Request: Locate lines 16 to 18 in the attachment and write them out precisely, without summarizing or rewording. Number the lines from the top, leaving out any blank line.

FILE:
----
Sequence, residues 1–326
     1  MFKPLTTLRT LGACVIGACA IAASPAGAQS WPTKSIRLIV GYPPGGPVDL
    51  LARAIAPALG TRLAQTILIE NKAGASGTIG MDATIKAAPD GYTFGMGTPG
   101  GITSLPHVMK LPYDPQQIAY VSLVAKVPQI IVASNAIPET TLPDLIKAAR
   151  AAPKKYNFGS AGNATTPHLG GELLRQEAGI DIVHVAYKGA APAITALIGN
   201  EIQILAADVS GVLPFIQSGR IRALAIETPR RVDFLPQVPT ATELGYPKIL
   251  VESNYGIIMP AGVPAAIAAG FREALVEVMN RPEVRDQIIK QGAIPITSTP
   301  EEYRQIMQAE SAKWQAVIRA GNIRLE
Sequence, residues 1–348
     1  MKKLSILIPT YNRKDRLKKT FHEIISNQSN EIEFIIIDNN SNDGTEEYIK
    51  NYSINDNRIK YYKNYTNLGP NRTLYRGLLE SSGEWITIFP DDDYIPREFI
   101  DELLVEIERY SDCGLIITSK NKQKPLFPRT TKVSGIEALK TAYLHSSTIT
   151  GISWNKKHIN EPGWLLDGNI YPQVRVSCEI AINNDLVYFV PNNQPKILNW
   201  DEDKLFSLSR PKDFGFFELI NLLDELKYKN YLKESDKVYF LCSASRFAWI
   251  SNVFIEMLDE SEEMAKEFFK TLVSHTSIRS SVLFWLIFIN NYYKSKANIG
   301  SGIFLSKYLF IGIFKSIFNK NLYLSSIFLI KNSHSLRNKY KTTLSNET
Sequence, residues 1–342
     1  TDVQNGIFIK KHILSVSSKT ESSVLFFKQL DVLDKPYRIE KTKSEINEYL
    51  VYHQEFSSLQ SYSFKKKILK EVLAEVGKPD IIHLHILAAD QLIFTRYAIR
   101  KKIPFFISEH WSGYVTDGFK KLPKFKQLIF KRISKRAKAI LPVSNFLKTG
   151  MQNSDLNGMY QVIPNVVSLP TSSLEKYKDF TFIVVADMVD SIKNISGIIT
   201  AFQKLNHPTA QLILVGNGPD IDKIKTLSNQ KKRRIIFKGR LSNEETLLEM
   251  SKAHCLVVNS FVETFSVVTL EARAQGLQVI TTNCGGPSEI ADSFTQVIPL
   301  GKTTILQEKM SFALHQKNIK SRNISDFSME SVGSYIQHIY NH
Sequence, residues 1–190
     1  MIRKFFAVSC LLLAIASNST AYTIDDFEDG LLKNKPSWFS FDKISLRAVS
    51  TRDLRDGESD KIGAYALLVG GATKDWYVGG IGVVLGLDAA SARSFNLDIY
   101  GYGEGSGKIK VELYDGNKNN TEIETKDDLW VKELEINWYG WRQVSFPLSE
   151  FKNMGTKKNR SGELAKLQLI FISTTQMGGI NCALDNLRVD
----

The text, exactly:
   301  SGIFLSKYLF IGIFKSIFNK NLYLSSIFLI KNSHSLRNKY KTTLSNET
Sequence, residues 1–342
     1  TDVQNGIFIK KHILSVSSKT ESSVLFFKQL DVLDKPYRIE KTKSEINEYL